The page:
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Clayton Valley HS charter public hearing brings throngs of supporters

By Theresa Harrington
Friday, August 12th, 2011 at 12:59 pm in Clayton, Concord, Mt. Diablo school district, Theresa Harrington.

CVHS sophomore Sara Kommer and her mother Megan Kommer were among dozens of Clayton Valley charter petition supporters at an MDUSD public hearing Tuesday.

All five Clayton Valley City Council members spoke in favor of a teacher-led petition to convert Clayton Valley High School in Concord to a charter school during a packed Mt. Diablo school board hearing Tuesday.

Most of the roughly two dozen other speakers at the meeting also threw their enthusiastic support behind the proposal, which trustees expect to approve or deny on Sept. 13. If it is denied, petitioners plan to appeal to the Contra Costa County Board of Education and the state, if necessary.

“Our physical building and grounds are deteriorating to the point of embarrassment,” said Clayton Vice Mayor Howard Geller. “We, of the City Council, feel strongly that a charter school run by qualified teachers and members of our community would not only bring back the quality of teaching we once had, but also make our community one that people will want to live in — to attend what we are confident will become the jewel of high schools in education for our area and the Mt. Diablo school district.”

The only people who spoke against the petition were the principals of Northgate High in Walnut Creek and Ygnacio Valley High in Concord, which are also in the district. The crowd — decked out in blue T-shirts endorsing the charter — booed Northgate Principal John McMorris, after he said Clayton Valley could accomplish its goals within the district. Ygnacio Valley High Principal Bill Morones referred to a U.S. Department of Education study that showed charter schools on average don’t perform better than other schools.

But many charter supporters disagreed with McMorris and Morones, saying they want to break free of the district so they can reinvigorate the school. Rep. George Miller, D-Concord, who didn’t attend the meeting, is also in favor of the plan.

Here is an excerpt of a supportive letter Miller sent to the district:

“I believe that the proposal by the Clayton Valley Charter High School Steering Committee presents an important opportunity for the Mt. Diablo Unified School District to explore alternative educational forums and opportunities in your very diverse and dynamic district.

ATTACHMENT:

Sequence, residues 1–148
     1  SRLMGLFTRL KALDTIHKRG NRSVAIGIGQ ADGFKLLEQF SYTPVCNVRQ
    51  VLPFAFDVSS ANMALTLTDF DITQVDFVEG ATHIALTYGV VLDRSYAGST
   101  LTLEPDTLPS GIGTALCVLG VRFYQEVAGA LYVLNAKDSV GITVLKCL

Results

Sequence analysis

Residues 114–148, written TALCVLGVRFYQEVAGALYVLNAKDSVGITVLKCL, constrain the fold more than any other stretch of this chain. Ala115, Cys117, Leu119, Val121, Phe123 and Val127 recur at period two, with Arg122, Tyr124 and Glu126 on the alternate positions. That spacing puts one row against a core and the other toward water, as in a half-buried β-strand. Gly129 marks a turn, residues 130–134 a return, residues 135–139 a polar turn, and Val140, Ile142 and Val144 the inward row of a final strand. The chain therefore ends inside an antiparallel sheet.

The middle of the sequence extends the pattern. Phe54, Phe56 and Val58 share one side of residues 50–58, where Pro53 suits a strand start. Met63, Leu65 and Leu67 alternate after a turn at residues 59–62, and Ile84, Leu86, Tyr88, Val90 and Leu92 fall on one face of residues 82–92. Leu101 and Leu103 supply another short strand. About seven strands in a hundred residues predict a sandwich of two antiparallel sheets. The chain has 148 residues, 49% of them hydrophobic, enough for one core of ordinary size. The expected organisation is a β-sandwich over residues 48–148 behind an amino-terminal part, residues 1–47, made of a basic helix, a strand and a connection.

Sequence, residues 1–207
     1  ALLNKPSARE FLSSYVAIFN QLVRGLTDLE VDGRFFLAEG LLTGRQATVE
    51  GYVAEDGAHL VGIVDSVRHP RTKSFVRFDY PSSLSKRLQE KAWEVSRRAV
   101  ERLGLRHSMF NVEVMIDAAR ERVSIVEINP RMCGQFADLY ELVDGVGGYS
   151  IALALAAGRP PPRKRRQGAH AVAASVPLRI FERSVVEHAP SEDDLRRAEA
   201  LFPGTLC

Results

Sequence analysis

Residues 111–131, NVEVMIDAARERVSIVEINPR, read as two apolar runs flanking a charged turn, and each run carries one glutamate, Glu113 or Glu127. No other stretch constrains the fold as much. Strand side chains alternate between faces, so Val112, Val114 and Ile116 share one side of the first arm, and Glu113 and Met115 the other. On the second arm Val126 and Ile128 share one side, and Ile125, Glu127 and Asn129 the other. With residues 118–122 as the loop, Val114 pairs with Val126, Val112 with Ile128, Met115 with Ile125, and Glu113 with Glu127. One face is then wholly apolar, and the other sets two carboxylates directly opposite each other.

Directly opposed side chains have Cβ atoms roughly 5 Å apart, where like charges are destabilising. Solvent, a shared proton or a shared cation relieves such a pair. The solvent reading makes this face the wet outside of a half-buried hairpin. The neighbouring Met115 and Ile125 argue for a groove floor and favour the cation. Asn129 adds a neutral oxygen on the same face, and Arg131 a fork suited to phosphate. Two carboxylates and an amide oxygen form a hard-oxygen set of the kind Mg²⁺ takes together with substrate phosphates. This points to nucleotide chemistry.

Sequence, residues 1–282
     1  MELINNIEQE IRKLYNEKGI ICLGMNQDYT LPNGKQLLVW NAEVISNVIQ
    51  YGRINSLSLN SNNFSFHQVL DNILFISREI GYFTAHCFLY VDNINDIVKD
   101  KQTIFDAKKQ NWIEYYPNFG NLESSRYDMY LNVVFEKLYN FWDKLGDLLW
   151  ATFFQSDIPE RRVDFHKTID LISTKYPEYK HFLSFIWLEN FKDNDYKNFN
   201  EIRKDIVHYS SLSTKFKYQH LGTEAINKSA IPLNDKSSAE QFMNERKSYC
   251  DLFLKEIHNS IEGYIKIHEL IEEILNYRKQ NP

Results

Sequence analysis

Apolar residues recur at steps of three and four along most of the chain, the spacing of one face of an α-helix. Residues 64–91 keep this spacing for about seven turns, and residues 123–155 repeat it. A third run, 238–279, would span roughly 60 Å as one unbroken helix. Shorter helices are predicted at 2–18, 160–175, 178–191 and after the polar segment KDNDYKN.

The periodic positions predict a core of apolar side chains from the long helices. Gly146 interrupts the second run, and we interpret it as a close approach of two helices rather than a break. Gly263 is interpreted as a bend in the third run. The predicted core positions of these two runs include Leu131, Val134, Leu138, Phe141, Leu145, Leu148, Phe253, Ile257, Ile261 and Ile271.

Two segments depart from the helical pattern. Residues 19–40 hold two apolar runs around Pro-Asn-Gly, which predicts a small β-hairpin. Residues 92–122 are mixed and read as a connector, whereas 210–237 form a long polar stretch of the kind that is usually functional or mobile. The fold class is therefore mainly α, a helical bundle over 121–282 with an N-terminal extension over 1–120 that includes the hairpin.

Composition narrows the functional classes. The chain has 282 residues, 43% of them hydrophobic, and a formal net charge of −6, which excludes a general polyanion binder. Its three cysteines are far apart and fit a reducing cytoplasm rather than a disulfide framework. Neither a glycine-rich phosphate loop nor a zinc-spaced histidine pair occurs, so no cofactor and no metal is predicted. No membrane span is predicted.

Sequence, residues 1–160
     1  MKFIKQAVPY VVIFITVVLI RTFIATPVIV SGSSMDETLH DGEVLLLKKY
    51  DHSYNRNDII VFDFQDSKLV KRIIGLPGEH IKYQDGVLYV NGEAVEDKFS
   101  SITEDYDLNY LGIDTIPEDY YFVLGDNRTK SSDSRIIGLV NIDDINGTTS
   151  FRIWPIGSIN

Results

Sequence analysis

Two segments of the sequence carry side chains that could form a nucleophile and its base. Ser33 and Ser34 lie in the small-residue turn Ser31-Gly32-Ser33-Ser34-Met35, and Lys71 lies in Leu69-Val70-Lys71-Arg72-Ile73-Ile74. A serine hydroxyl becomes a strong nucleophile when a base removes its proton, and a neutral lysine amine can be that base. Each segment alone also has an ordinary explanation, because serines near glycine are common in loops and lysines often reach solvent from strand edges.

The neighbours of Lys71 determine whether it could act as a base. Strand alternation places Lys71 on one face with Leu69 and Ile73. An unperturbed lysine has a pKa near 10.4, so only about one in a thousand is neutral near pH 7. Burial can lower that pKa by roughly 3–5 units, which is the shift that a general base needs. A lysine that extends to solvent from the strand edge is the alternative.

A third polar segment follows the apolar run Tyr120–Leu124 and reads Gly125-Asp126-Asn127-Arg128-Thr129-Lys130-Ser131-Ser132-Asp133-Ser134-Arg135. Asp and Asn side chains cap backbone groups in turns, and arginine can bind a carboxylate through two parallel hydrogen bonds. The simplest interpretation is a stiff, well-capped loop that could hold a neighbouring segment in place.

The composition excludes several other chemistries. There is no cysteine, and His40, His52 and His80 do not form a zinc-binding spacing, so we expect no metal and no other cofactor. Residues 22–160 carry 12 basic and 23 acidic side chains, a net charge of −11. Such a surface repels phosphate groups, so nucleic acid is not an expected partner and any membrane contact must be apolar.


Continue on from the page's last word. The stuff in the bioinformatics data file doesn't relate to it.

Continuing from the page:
During my time in the Congress serving on the Education and Workforce Committee, including serving as Chair of the Committee, I have had the opportunity to witness the growth and evolution of the public charter school movement in California and across our nation.

The record of charters to date is mixed but there are many well thought out programs that are providing both learning and teaching environments with significant improvements in both school and student performance. Many of these charters also fulfill the original mission of public charters, which is to give school districts the opportunity to try different models for teaching and learning under more flexible rules and regulations and to serve as laboratories for experimentation for their districts. When done right, important feedback can be shared with districts on such topics as classroom teaching and preparation, time management, professional development, collaborative student learning, use of technology and other common academic interests.

I believe that the Clayton Valley Charter High School Steering Committee proposal has the real potential to be one of the success stories of the public charter school efforts in California. I personally met with the lead petitioners and we discussed their comprehensive research, their innovative ideas, and their plan of action. They displayed enthusiasm and commitment to the limitless potential of this movement that was inspiring. This energy, coupled with important partnerships with some of the best charter support groups in the business (California Charter Schools Association, ExED accounting firm and the law offices of Middleton, Young and Minney), should undoubtedly lead them down the right path.”